Second, a larger UCSF helps us achieve economies of scale and thus become a more efficient health care provider by pulling together large teams of health care professionals, hospitals and other health care facilities, as well as other systems. This is critical to being what is known in the health care industry as an Accountable Care Organization. This means operating a robust health care delivery system that produces better value and outcomes by being less siloed and more expansive and collaborative than traditional systems. This also means focusing on the whole patient or on populations of patients. UCSF’s recent affiliations, partnerships, and mergers with a number of health care providers in the Bay Area and beyond help us to achieve these goals. Our recent affiliation with Benioff Children’s Hospital of Oakland is an outstanding example, adding almost $500 million to our total revenue picture.

Finally, higher revenues result in healthier and more flexible financial operations for UCSF. We gain greater access to more assets, we can maintain larger cash balances that facilitate smooth daily operations, and we have better access to borrowing money when needed. Our better-than-expected revenues also set a new financial baseline so that we can start addressing the critically important seismic renovations of the Moffitt Hospital at Parnassus Heights. We had originally planned to renovate the hospital at the end of the next decade to meet a deadline of 2030. Thanks to additional revenue and a significant recent gift, we are speeding up the construction timetable.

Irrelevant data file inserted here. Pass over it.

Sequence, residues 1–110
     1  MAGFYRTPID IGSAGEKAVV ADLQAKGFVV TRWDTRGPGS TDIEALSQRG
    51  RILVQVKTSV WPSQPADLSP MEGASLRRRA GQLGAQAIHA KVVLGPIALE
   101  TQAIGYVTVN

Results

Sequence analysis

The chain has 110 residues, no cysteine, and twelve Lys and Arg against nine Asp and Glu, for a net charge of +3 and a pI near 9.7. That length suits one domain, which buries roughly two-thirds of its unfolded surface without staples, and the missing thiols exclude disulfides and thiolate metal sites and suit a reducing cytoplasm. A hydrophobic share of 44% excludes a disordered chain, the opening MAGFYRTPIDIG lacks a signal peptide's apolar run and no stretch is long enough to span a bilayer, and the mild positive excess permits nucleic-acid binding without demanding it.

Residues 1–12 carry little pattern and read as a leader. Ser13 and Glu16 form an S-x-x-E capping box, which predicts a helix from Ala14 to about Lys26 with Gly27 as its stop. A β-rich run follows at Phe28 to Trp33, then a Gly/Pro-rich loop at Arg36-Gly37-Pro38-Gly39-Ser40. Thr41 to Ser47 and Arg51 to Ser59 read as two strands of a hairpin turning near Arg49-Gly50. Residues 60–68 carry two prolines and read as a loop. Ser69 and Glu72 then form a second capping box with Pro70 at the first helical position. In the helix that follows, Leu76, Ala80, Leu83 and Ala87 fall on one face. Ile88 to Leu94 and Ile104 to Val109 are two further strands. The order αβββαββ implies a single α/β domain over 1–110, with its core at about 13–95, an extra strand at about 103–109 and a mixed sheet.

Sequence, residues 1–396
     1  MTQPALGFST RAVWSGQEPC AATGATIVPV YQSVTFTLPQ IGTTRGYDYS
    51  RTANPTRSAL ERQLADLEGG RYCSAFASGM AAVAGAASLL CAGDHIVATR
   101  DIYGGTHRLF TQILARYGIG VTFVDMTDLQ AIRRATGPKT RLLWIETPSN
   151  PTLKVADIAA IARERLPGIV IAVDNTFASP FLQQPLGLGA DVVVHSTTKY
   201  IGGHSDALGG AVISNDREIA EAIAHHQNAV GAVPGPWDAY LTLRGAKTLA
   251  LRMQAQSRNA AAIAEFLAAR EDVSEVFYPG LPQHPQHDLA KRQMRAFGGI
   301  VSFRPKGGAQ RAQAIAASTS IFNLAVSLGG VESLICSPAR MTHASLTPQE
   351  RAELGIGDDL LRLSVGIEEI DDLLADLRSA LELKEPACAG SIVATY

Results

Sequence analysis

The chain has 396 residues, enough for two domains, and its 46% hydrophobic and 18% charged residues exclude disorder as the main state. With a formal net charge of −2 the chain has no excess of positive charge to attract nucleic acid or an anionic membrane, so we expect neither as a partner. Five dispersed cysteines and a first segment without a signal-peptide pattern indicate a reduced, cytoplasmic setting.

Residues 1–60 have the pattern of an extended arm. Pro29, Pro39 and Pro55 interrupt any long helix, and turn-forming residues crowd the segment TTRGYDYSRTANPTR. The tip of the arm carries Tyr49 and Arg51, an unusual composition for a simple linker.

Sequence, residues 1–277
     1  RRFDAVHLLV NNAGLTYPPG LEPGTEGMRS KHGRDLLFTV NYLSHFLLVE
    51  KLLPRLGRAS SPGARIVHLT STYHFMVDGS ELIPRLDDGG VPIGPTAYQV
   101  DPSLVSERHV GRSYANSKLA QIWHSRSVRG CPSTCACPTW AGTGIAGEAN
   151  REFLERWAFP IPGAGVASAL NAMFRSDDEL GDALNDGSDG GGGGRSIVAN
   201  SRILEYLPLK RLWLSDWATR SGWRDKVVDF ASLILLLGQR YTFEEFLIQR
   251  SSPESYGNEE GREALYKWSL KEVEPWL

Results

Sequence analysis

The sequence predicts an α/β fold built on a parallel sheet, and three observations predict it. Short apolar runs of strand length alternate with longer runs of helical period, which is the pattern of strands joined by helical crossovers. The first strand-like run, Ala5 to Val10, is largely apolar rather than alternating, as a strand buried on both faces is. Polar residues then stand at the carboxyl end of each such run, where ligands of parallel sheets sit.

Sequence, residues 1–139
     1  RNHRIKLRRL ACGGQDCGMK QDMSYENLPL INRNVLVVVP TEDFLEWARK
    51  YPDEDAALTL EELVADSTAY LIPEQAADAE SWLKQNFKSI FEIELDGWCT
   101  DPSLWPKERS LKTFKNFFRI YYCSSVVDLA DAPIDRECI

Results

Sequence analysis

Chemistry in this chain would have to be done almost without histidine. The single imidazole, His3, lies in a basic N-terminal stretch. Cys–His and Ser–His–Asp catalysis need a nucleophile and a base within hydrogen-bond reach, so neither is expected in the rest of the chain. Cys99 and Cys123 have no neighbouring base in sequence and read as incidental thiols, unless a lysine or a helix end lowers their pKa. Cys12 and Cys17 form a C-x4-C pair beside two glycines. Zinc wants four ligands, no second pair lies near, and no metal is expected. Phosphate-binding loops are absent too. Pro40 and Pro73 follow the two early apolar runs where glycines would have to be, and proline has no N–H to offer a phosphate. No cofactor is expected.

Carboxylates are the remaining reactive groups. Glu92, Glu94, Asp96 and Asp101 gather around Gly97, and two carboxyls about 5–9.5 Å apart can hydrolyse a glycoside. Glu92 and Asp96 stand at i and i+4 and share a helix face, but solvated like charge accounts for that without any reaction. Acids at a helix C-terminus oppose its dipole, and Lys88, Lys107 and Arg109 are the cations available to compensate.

What are Some Other Financial Considerations of Growth?

UCSF Finance is always looking at how to do things more efficiently. In these periods of growth, we look at operational and administrative services and ask ourselves how we can actually serve a bigger population in a way that keeps these costs rising more slowly than our expanding expenses for clinical care, teaching, and research. While we are always trying to keep our operating and administrative costs under control, in a growth environment we have to balance that concern with supporting additional services.

When people think of growth at UCSF, they often think about the many new capital projects on our campuses because they are so visible. The costs of constructing these new projects is not our only concern. Once a project is completed, we also have to address the continuing costs of operations, security, utilities and so on. Additional revenues help us cover these expenses. And besides new facilities on our San Francisco campuses, we have to keep all these things in mind as we grow through our partnerships and affiliations.

Is UCSF Revenue Expected to Grow Fast in the Future?

In our most recent Ten-Year Financial Plan out to the year 2026-27, we estimated that our revenue will grow by 54 percent over the period, reaching annual revenues of $10 billion. This would seem to represent a slowing rate of growth from the past five years, but it also indicates our strategy of conservative assumptions in the out-years of our plan. Generally, we believe it is wiser to under-anticipate revenue than over-anticipate revenue. Unless we have identified sources of new revenue in the future, we try to keep our projections as close as possible to reality, as we know it today. However, the outlook for continued revenue is strong, and we may well beat our expectations once again.

In closing, it is good to keep in mind that UCSF is a non-profit organization, where any revenue growth that produces new net income is reinvested to expand activities that support our mission. There is no private gain, unlike in business. In this way, UCSF, through its growth, can have an even greater positive impact on the health of our world.